Potential catastrophe and climate negotiations

This is an important and elegant paper out last week in PNAS.

Climate negotiations under scientific uncertainty
Scott Barrett and Astrid Dannenberg

Abstract: How does uncertainty about “dangerous” climate change affect the prospects for international cooperation? Climate negotiations usually are depicted as a prisoners’ dilemma game; collectively, countries are better off reducing their emissions, but self-interest impels them to keep on emitting. We provide experimental evidence, grounded in an analytical framework, showing that the fear of crossing a dangerous threshold can turn climate negotiations into a coordination game, making collective action to avoid a dangerous threshold virtually assured. These results are robust to uncertainty about the impact of crossing a threshold, but uncertainty about the location of the threshold turns the game back into a prisoners’ dilemma, causing cooperation to collapse. Our research explains the paradox of why countries would agree to a collective goal, aimed at reducing the risk of catastrophe, but act as if they were blind to this risk.

I like that the authors investigate what is going on in the game, rather than simply showing that their theory predicts the overall outcome:
Communication is the essence of negotiation, and it is striking how the players used their proposals and pledges differently depending on threshold uncertainty. When the threshold was known, players communicated so as to coordinate to the thresh- old. When the threshold was unknown, communication was more strategic. Mean proposals for the Certainty and Impact Uncertainty treatments are very close to 150 (Table 1), with 83% of subjects in Certainty and 94% in Impact Uncertainty proposing precisely this amount. Mean proposals in Threshold Uncertainty and Impact- and-Threshold Uncertainty were significantly larger (Mann–Whit- ney–Wilcoxon test, n = 20, P < 0.05 each), with 29% of subjects in Threshold Uncertainty and 35% in Impact-and-Threshold Uncertainty proposing 200. Why did not more participants propose the collectively optimal 200? Answers to questions in our follow- up questionnaire provide a strong clue. Participants perceived their proposals as serving to motivate other students to contrib- ute; they thought that a proposal below 200 was more credible and so was more likely to stimulate contributions by others.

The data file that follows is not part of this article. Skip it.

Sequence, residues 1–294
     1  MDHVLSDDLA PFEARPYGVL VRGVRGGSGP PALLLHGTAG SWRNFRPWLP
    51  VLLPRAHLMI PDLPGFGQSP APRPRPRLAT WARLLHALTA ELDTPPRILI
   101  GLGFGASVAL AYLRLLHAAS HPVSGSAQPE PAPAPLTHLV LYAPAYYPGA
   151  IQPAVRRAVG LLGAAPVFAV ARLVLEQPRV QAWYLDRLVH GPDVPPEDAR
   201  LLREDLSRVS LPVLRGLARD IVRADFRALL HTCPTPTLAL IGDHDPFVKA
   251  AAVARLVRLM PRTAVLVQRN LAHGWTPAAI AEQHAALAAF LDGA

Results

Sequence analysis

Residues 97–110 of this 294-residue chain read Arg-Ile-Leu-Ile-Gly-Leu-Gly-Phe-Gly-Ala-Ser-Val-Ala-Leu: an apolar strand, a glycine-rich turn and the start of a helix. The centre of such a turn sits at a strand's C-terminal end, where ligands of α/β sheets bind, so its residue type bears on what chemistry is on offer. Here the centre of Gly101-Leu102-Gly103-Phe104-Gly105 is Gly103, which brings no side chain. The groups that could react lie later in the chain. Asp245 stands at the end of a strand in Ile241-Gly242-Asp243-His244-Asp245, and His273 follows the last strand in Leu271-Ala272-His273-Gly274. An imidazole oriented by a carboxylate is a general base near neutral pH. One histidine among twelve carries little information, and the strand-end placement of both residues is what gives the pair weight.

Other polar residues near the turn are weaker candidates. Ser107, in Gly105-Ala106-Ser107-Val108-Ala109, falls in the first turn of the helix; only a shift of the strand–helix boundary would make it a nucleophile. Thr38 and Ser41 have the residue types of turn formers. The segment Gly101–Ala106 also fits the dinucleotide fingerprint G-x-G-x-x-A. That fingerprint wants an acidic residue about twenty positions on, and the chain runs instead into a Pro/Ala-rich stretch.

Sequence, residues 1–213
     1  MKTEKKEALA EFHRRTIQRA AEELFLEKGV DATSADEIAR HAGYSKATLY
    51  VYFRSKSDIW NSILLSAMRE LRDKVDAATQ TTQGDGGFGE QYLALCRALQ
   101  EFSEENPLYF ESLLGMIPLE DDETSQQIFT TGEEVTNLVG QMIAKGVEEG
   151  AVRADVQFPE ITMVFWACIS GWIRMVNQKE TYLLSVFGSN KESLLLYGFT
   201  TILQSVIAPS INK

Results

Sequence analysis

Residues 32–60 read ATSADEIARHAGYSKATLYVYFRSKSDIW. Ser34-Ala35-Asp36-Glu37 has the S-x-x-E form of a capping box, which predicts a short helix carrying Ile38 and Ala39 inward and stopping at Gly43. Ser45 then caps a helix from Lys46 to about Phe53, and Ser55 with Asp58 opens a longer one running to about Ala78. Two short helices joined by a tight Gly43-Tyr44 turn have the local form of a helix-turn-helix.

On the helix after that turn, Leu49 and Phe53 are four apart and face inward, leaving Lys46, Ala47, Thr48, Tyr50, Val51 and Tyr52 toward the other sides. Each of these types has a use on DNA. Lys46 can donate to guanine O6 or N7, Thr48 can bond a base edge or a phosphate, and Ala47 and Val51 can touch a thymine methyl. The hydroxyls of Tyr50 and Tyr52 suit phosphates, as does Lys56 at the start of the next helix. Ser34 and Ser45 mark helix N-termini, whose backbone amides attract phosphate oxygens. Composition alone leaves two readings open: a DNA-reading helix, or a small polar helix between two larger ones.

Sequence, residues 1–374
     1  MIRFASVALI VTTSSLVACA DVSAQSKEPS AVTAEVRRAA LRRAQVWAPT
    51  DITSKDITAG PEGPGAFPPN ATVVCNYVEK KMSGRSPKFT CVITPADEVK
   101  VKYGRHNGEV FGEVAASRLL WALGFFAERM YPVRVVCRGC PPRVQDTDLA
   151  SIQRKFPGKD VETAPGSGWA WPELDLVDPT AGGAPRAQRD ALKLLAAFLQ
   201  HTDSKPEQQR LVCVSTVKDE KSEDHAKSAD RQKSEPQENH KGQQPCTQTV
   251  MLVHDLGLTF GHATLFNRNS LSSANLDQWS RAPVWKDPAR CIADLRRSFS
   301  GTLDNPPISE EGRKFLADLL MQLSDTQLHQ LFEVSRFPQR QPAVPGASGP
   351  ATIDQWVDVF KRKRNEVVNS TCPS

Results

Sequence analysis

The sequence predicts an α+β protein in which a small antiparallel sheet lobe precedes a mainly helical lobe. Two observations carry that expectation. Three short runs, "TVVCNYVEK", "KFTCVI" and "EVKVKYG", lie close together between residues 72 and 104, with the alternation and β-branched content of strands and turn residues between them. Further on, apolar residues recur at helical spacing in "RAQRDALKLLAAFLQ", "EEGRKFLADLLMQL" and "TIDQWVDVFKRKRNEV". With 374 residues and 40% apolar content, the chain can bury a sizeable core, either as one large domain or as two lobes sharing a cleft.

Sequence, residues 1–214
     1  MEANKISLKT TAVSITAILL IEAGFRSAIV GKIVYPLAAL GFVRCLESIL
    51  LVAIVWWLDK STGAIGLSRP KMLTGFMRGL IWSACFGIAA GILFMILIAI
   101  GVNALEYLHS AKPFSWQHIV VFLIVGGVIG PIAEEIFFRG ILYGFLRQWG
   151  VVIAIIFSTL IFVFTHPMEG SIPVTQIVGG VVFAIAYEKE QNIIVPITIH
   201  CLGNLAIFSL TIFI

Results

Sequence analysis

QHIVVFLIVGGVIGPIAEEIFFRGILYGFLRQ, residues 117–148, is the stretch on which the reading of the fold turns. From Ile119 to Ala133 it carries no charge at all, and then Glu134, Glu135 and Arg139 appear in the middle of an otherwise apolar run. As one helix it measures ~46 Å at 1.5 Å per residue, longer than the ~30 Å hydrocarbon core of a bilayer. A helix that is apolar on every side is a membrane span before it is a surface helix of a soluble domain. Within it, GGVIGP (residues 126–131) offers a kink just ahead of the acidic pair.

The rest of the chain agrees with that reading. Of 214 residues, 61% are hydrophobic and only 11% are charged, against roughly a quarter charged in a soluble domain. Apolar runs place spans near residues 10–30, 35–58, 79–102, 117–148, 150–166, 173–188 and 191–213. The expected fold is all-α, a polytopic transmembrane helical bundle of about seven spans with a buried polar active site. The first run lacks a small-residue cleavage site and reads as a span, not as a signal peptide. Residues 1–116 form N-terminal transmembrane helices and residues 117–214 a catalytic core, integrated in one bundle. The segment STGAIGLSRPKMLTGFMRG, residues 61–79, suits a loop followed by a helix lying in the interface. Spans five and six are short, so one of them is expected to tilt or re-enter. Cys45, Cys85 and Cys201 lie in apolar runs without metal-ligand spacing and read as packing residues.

Fig. 3 shows the relationship between pledges and actual contributions. In Certainty and Impact Uncertainty, almost all players (98% in both treatments) contributed at least as much as they pledged. Two of 200 contributed substantially less than they pledged, causing the two breakdowns in collective action in the Certainty treatment. By contrast, in the Threshold Uncertainty and Impact-and-Threshold Uncertainty treatments, most (82 and 75%, respectively) contributed less than they pledged, indicating that pledges, like proposals, were used strategically. 
Our follow-up questionnaire revealed that the reason for these differences had to do with the context in which decisions were made. Fairness and trust were more important considerations for the coordination games than for the prisoners’ dilemmas. Players were more trusting in the Certainty and Impact Uncertainty treatments because each recognized that the others had a strong incentive to be trustworthy in these situations. 
A final observation concerns attitudes toward risk, which can play a crucial role in the analysis of collective best outcomes (29). Our theory assumes that people are risk-neutral. Our questionnaire reveals that a majority of subjects are risk averse, but sta- tistical analysis shows that whether a person is risk averse has no discernable influence on behavior (SI Results). Once again, the context of these games seems to shape how people behave.

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